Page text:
Home » The Annals of Willenhall by Frederick Hackwood
The Annals of Willenhall Frederick Hackwood

The Annals of Willenhall

Frederick Hackwood

Published November 22nd 2010
ISBN :
Nook
0 pages
Enter the sum

 About the Book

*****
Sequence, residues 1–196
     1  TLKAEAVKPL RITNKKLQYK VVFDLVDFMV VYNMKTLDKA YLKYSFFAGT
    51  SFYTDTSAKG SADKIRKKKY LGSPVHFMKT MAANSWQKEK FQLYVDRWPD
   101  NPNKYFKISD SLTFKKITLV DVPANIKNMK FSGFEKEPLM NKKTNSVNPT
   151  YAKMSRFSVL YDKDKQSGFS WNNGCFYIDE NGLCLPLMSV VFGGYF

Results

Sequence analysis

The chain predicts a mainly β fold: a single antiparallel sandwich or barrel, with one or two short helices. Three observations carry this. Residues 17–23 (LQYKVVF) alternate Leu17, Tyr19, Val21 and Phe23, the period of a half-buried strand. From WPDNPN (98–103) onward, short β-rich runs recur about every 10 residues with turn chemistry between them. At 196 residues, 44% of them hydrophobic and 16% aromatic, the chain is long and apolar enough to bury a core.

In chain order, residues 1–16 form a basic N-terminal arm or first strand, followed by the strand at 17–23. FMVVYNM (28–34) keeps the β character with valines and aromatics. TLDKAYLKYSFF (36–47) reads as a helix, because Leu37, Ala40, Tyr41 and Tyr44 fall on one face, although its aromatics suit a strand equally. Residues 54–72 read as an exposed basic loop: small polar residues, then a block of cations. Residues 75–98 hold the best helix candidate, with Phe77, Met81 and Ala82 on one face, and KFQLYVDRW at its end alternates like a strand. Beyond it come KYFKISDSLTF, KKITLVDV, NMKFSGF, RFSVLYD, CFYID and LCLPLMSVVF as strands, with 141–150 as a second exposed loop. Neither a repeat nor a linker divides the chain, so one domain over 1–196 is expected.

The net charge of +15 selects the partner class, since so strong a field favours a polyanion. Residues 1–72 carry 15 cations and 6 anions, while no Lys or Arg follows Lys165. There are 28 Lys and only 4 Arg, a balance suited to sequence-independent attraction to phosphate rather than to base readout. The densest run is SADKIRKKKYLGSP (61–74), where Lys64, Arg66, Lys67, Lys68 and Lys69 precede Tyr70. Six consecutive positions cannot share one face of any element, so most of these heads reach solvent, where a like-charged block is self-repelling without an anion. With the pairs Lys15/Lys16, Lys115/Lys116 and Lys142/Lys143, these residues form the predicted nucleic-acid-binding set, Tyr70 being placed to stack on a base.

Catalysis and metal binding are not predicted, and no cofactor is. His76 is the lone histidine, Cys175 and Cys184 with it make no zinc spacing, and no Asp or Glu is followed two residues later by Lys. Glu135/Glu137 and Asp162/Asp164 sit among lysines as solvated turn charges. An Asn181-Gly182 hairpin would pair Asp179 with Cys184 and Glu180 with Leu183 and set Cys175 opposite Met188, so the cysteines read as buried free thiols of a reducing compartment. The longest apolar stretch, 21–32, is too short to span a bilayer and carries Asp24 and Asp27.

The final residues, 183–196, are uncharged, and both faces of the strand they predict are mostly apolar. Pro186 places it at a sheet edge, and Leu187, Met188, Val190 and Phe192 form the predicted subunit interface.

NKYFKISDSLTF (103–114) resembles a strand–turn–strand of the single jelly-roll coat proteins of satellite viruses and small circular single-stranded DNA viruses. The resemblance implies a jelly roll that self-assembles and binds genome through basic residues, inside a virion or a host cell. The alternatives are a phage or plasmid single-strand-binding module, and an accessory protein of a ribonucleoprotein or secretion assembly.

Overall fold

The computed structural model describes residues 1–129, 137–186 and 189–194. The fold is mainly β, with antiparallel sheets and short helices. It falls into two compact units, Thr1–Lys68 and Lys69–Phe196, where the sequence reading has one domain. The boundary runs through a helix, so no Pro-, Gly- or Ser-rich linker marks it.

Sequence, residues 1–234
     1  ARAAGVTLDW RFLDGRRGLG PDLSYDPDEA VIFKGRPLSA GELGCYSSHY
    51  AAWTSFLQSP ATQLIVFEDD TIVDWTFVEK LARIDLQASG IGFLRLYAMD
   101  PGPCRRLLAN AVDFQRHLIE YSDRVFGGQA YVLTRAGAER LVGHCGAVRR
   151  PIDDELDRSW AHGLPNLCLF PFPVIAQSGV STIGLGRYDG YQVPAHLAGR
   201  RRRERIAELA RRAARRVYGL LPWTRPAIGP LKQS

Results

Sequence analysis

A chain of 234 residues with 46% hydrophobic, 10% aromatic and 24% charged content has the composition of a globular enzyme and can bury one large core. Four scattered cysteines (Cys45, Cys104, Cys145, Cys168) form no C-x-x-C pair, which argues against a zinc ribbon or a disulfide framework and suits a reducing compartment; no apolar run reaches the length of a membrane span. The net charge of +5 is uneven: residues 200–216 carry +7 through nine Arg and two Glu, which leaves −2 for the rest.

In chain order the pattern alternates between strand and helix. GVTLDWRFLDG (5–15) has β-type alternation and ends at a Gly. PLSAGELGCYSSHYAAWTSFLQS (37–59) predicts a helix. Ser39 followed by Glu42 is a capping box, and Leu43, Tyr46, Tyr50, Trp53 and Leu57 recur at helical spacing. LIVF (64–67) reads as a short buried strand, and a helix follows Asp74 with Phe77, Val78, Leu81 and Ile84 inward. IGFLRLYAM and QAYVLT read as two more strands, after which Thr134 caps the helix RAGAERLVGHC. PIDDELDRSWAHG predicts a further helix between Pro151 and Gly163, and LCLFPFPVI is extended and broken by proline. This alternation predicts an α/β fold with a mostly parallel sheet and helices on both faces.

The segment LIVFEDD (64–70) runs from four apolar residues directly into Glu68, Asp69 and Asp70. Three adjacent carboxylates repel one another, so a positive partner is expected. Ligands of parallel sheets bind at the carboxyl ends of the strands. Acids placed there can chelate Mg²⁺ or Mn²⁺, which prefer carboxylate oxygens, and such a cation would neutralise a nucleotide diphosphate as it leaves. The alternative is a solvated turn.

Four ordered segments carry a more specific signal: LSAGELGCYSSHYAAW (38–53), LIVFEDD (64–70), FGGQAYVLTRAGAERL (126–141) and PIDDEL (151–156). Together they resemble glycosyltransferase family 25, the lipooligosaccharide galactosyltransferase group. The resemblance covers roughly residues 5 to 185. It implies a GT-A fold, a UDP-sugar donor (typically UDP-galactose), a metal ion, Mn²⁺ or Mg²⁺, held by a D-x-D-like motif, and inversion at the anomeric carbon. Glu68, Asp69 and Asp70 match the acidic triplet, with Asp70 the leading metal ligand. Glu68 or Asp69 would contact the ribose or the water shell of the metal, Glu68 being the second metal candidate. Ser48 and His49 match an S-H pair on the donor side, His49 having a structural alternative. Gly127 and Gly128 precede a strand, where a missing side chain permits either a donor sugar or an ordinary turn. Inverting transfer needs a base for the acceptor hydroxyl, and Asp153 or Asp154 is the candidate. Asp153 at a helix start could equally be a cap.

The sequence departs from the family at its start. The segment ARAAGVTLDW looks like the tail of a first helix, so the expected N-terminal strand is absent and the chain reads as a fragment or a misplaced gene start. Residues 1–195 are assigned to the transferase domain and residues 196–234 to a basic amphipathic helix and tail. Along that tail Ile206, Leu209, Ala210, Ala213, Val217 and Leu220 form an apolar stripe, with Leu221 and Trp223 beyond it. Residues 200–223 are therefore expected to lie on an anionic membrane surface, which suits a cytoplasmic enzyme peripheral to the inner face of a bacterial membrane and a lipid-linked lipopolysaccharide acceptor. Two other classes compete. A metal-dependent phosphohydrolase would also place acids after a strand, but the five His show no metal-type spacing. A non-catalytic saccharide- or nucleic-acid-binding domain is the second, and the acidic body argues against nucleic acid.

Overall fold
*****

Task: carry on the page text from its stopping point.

This ebook is complete with illustrations and linked Table of Content making navigation quicker and easier.Willenhall, vulgo Willnal, is undoubtedly a place of great antiquity- on the evidence of its name it manifestly had its foundation in an earlyMoreThis ebook is complete with illustrations and linked Table of Content making navigation quicker and easier.Willenhall, vulgo Willnal, is undoubtedly a place of great antiquity- on the evidence of its name it manifestly had its foundation in an early Saxon settlement. The Anglo-Saxon form of the name Willanhale may be interpreted as “the meadow land of Willa”—Willa being a personal name, probably that of the tribal leader, the head of a Teutonic family, who settled here. In the Domesday Book the name appears as Winehala, but by the twelfth century had approached as near to its modern form as Willenhal and Willenhale.Dr. Oliver, in his History of Wolverhampton, derives the name from Velen, the Sun-god, and the Rev. H. Barber, of Ashby-de-la-Zouch, who tries to find a Danish origin for nearly all our old Midland place-names, suggests the Norse form Vil-hjalmr- or perhaps a connection with Scandinavian family names such as Willing and Wlmer.Dr. Barber fortifies himself by quoting Scott:—Beneath the shade the Northmen came, Fixed on each vale a Runic name.Rokeby, Canto, IV.